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Scott Atlas resigns, defends keeping schools open: ‘I was just speaking about the data’

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scott atlas

Dr. Scott Atlas, President Trump’s coronavirus adviser, formally resigned from his position on Monday and joined Tucker Carlson Tonight later in the day to give his first interview after his departure from the White House.

Atlas joined the White House Coronavirus Task Force in August and sparked controversy for his opinions on keeping schools open and suggesting that residents of Michigan should “rise up” against COVID-19 restrictions imposed by Gov. Gretchen Whitmer.

Atlas was a member of the Coronavirus Task Force for 130 days and will now become a senior fellow at the Hoover Institution.

“The point isn’t that I was right,” Atlas said while discussing the reopening of New York City schools on Carlson’s show. “The point isn’t that the advice I gave the president was right. The point isn’t that the president was right, although those things are true.”

“The point is that we really need to open up in-person schools ASAP because it’s so destructive, so harmful to children,” Atlas added. “And there’s really nothing more important for a country that I can think of than educating our children, of course.”

Dr. Anthony Fauci, infectious disease expert, has recently announced the spread of coronavirus among children at schools is very low.

Earlier this month, Fauci said he “totally disagrees” with Atlas regarding the closures of businesses and schools in Michigan in response to COVID-19.

“I don’t want to say anything against Dr. Atlas as a person, but I totally disagree with the stand he takes. I just do, period,” Fauci said on NBC’s “Today.”

Atlas noted that the data regarding school closures and the infection risk in children has not changed.

“I was just speaking about the data as I always did, and its true that the data was correct then. Children have extremely low risk of a serious illness and do not frequently spread this infection,” Atlas said. “That was known then and we also knew the harms, the serious harm, to children from closing in-person schools. Nothing’s really changed. It’s just that some of these things are know being acknowledged.”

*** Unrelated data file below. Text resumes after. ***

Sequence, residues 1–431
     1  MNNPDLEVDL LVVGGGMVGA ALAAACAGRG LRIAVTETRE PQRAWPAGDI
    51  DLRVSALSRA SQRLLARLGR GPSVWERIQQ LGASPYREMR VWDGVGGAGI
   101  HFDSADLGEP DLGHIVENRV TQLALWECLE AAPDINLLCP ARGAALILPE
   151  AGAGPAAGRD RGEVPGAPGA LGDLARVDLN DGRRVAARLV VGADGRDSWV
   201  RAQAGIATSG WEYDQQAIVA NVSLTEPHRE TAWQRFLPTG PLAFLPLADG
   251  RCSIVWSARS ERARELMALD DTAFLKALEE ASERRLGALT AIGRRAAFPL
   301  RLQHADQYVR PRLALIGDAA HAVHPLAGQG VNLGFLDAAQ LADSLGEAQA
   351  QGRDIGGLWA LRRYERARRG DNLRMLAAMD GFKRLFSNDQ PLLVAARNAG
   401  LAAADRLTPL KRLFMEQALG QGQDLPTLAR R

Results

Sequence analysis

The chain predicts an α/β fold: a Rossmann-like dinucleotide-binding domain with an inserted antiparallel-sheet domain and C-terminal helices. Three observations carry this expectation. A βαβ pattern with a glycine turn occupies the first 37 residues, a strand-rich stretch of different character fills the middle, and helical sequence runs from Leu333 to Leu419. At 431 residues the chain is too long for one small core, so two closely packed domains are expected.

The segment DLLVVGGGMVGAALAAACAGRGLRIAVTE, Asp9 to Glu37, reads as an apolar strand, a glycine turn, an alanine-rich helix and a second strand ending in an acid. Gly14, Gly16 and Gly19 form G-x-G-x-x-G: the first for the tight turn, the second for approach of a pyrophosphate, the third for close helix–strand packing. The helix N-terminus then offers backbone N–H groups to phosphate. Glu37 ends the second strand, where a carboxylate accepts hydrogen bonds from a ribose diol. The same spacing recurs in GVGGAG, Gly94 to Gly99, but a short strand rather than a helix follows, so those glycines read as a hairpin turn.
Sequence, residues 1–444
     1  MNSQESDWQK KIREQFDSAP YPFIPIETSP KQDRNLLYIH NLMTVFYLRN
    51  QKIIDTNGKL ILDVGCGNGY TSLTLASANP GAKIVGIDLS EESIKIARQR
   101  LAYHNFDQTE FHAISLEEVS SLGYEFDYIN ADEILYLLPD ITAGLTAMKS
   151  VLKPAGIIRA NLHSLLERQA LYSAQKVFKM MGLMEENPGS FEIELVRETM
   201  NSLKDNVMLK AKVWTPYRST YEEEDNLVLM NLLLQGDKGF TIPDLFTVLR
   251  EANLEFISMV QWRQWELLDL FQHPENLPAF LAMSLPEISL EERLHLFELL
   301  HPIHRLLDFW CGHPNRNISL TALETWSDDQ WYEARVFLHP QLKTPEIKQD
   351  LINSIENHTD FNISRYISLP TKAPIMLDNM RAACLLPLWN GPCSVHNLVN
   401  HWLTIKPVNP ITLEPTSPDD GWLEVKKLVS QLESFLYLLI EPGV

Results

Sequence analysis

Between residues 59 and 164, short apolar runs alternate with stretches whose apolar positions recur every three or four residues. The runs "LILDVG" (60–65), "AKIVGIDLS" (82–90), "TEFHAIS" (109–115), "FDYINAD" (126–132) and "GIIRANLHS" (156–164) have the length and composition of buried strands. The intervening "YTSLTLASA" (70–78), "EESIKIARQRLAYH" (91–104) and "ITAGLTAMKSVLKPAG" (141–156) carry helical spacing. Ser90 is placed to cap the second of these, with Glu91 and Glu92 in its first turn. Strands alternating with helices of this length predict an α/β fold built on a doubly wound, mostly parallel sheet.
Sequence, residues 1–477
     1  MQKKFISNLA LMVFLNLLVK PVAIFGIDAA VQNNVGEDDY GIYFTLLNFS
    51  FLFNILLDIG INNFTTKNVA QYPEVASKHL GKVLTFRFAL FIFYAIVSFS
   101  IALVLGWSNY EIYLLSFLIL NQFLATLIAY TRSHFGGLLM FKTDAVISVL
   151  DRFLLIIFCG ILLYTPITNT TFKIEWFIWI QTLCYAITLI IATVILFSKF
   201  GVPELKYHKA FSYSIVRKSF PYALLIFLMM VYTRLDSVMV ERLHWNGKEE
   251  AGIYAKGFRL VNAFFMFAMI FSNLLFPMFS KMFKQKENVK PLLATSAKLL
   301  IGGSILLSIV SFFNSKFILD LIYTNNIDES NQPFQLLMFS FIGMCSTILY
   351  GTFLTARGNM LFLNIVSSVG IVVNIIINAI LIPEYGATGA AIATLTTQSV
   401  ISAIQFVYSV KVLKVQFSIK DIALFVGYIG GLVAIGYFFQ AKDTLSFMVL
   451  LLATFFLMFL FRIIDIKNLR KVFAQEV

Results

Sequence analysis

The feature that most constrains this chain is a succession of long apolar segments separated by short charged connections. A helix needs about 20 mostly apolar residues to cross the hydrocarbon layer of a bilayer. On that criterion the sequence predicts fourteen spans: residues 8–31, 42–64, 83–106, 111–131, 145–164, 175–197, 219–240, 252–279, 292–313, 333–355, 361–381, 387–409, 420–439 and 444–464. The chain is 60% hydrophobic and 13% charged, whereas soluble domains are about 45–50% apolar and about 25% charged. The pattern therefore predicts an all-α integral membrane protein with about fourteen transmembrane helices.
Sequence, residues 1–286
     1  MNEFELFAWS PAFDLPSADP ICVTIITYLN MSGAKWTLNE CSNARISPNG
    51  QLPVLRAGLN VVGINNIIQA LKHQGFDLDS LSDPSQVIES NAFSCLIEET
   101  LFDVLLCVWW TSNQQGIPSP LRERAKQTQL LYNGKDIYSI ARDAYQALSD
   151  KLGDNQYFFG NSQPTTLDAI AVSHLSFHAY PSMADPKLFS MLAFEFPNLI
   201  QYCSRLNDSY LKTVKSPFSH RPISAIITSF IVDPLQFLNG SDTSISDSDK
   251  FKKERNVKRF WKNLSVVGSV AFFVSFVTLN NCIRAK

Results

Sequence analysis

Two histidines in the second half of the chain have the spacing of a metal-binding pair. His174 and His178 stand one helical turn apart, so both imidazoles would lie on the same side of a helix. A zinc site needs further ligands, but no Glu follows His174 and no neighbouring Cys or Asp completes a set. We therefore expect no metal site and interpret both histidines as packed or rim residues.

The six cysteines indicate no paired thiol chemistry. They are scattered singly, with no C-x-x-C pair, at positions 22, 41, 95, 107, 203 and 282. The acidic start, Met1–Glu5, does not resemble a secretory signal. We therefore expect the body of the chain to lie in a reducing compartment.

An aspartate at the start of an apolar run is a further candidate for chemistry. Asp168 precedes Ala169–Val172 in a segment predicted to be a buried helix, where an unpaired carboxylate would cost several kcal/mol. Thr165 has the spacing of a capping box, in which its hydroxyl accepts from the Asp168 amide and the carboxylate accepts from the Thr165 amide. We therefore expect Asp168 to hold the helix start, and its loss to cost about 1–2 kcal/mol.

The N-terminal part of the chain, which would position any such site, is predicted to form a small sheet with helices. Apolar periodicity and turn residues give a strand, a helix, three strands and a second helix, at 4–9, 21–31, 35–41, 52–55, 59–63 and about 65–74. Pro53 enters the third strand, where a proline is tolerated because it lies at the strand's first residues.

Atlas ended the interview by emphasizing the importance of free exchange of ideas.

“I think there’s a serious problem, honestly, in the country because there’s a bigger issue here, and it is that America and its universities really need to allow — without attack, without rebuke, without intimidation — the free exchange of ideas, because it is from the free exchange of ideas that scientific truths follow,” he said.

“And these scientific truths are critical for us to solve this crisis, every other crisis and in fact, the free exchange of ideas is honestly the foundation of every civilized society,” Atlas added. “Science has been politicized and it’s very, very dangerous. I think we should all be concerned about it.”

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New York City Dems Push Law to Allow 800,000 Non-Citizens to Vote in Municipal Elections

The New York City Council will vote on December 9 on a law to allow green-card holders and residents with work permits to vote in municipal elections

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New York’s Democratic party is battling over the constitutionality of voter laws. On December 9, the New York City Council will vote on a law to allow green-card holders and residents with work permits to vote in municipal elections.

“Around 808,000 New York City residents who have work permits or are lawful permanent residents would be eligible to vote under the legislation, which has the support of 34 of 51 council members, a veto-proof majority” reports Fox News.

“It’s important for the Democratic Party to look at New York City and see that when voting rights are being attacked, we are expanding voter participation,” Councilman Ydanis Rodriguez, a sponsor of the bill and Democrat who represents the Washington Heights neighborhood of Manhattan, told the New York Times. Rodriguez immigrated from the Dominican Republic and became a U.S. citizen in 2000.

Fox News reports:

Laura Wood, Chief Democracy Officer for the mayor’s office, said at a hearing on the bill in September that the law could violate the New York State Constitution, which states that voters must be U.S. citizens age 18 or older.

Mayor Bill de Blasio indicated he could veto the bill following the September hearing.
“We’ve done everything that we could possibly get our hands on to help immigrant New Yorkers—including undocumented folks—but…I don’t believe it is legal,” de Blasio told WNYC radio at the time.

Mayor-elect Eric Adams, however, submitted testimony to the September hearing in favor of the bill. “In a democracy, nothing is more fundamental than the right to vote and to say who represents you and your community in elected office…Currently, almost one million New Yorkers are denied this foundational right.”

The legislation was first introduced two years ago, but had not yet gained traction due to the legal concerns.

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